What are those floaty things in your eye Michael Mauser
Have you ever noticed something swimmingin your field of visioné It may look like a tiny wormor a transparent blob, and whenever you try to geta closer look, it disappears, only to reappearas soon as you shift your glance. But don't go rinsing out your eyes! What you are seeing is a common phenomenon known as a floater. The scientific name for these objectsis Muscae volitantes,
Latin for quot;flying flies,quot; and true to their name,they can be somewhat annoying. But they're not actually bugsor any kind of external objects at all. Rather, they exist inside your eyeball. Floaters may seem to be alive,since they move and change shape, but they are not alive. Floaters are tiny objectsthat cast shadows on the retina, the lightsensitive tissueat the back of your eye.
They might be bits of tissue, red blood cells, or clumps of protein. And because they're suspendedwithin the vitreous humor, the gellike liquidthat fills the inside of your eye, floaters drift alongwith your eye movements, and seem to bounce a littlewhen your eye stops. Floaters may be onlybarely distinguishable most of the time.
They become more visiblethe closer they are to the retina, just as holding your hand closerto a table with an overhead light will result in a moresharply defined shadow. And floaters are particularly noticeable when you are lookingat a uniform bright surface, like a blank computer screen, snow, or a clear sky,
where the consistency of the backgroundmakes them easier to distinguish. The brighter the light is,the more your pupil contracts. This has an effect similarto replacing a large diffuse light fixture with a single overhead light bulb, which also makesthe shadow appear clearer. There is another visual phenomenonthat looks similar to floaters but is in fact unrelated. If you've seen tiny dots of lightdarting about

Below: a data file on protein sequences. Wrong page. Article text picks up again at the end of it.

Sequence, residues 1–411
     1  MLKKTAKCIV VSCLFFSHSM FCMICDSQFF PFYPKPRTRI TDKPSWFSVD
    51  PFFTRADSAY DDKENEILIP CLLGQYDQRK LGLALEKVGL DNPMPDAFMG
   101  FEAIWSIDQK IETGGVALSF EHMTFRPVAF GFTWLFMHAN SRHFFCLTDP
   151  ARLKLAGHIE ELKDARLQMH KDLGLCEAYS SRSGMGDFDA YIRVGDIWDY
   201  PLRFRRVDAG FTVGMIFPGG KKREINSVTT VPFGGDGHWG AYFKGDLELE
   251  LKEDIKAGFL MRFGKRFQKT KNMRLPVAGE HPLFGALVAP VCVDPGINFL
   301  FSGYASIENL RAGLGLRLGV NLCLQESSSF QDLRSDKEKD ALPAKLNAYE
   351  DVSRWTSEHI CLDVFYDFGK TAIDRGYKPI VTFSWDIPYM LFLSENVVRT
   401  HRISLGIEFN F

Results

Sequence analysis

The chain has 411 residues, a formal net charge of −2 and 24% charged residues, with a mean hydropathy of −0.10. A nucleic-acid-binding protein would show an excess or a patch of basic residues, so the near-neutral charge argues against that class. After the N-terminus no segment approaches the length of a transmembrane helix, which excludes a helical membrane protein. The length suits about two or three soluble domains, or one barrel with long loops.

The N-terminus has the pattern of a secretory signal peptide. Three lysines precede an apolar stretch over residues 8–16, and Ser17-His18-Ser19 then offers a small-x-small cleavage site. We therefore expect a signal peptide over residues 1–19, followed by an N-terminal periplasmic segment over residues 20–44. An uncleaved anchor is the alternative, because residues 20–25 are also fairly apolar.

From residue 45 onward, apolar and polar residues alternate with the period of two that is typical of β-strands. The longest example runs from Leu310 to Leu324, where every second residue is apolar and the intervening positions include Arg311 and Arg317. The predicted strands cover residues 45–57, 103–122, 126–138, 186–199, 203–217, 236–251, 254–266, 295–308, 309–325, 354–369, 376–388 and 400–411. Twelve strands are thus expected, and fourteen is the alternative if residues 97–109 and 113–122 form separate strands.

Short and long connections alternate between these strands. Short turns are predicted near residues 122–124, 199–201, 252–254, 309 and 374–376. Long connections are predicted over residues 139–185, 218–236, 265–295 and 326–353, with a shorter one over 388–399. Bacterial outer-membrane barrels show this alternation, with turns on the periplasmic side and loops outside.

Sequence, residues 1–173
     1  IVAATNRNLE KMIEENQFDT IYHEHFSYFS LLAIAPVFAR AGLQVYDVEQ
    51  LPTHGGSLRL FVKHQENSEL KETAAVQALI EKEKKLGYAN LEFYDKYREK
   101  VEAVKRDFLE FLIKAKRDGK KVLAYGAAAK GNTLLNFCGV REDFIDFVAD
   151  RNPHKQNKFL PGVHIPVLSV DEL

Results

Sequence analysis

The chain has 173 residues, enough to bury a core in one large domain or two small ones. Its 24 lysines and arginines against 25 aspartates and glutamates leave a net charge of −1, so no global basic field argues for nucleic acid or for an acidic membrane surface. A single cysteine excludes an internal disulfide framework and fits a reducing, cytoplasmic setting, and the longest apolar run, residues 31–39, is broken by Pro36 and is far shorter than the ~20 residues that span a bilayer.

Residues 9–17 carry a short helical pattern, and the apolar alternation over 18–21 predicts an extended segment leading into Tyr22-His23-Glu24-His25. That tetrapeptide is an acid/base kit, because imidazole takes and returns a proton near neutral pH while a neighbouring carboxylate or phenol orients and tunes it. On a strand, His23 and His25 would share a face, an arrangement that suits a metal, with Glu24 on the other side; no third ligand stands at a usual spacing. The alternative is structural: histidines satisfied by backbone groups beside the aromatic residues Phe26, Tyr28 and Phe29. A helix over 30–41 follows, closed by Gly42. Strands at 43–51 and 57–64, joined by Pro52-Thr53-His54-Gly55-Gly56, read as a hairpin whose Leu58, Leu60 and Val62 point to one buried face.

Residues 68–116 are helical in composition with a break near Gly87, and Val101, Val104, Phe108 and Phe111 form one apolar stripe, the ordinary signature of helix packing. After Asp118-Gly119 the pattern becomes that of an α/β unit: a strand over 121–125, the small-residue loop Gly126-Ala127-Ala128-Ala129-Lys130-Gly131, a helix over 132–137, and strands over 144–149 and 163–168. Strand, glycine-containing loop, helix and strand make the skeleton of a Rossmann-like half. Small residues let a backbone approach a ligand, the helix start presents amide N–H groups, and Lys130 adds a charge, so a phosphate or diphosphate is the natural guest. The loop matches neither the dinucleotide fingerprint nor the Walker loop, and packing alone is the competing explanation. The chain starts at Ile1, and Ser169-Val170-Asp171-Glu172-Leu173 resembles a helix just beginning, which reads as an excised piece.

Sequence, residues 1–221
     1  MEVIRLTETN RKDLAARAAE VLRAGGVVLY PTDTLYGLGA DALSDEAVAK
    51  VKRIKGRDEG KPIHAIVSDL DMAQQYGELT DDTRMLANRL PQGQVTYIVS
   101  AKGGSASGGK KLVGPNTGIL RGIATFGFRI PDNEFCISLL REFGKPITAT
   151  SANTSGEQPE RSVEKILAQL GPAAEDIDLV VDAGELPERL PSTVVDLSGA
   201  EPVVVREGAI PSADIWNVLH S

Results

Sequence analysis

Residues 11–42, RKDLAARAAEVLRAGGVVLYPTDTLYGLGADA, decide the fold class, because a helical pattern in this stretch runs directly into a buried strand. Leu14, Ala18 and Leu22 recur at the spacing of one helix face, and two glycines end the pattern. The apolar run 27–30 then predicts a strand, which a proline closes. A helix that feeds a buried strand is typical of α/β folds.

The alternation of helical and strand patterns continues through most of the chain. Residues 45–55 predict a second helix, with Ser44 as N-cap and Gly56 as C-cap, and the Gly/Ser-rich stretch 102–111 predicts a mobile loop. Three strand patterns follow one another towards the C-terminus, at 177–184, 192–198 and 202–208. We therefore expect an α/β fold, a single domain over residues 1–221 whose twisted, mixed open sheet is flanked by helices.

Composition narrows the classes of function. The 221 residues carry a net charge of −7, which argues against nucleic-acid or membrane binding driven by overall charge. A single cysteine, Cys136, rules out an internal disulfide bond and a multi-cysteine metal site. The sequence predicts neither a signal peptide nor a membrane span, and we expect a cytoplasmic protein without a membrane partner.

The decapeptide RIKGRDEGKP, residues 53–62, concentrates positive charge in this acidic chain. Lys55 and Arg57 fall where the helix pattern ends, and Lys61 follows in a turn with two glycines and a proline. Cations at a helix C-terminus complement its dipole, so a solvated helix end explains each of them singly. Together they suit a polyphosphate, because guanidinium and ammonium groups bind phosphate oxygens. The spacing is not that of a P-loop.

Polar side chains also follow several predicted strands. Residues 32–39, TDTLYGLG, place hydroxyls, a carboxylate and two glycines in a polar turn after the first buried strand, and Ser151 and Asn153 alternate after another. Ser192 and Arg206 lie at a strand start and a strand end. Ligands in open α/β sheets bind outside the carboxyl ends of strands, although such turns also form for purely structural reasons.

when looking at a bright blue sky, you've experienced what is knownas the blue field entoptic phenomenon. In some ways,this is the opposite of seeing floaters. Here, you are not seeing shadows but little moving windowsletting light through to your retina. The windows are actually causedby white blood cells moving through the capillariesalong your retina's surface. These leukocytes can be so largethat they nearly fill a capillary
The famously difficult greeneyed logic puzzle Alex Gendler
Imagine an island where 100 people, all perfect logicians,are imprisoned by a mad dictator. There's no escape,except for one strange rule. Any prisoner can approach the guardsat night and ask to leave. If they have green eyes, they'll be released. If not, they'll be tossed into the volcano. As it happens, all 100 prisoners have green eyes, but they've lived there since birth,
and the dictator has ensuredthey can't learn their own eye color. There are no reflective surfaces, all water is in opaque containers, and most importantly, they're not allowed to communicate among themselves. Though they do see each otherduring each morning's head count. Nevertheless, they all know no one wouldever risk trying to leave without absolute certainty of success.
After much pressure from human rights groups, the dictator reluctantly agreesto let you visit the island and speak to the prisonersunder the following conditions: you may only make one statement, and you cannot tell them any new information. What can you say to help free the prisoners without incurring the dictator's wrathé After thinking long and hard,
you tell the crowd, quot;At least one of you has green eyes.quot; The dictator is suspicious but reassures himself that your statementcouldn't have changed anything. You leave, and life on the islandseems to go on as before. But on the hundredth morning after your visit, all the prisoners are gone, each having asked to leavethe previous night. So how did you outsmart the dictatoré
It might help to realize that the amountof prisoners is arbitrary. Let's simplify thingsby imagining just two, Adria and Bill. Each sees one person with green eyes, and for all they know, that could be the only one. For the first night, each stays put. But when they see each other still there in the morning, they gain new information. Adria realizes that if Bill had seena nongreeneyed person next to him,
he would have left the first night after concluding the statement could only refer to himself. Bill simultaneously realizes the same thing about Adria. The fact that the other person waited tells each prisoner hisor her own eyes must be green. And on the second morning, they're both gone. Now imagine a third prisoner. Adria, Bill and Carl each see two greeneyed people,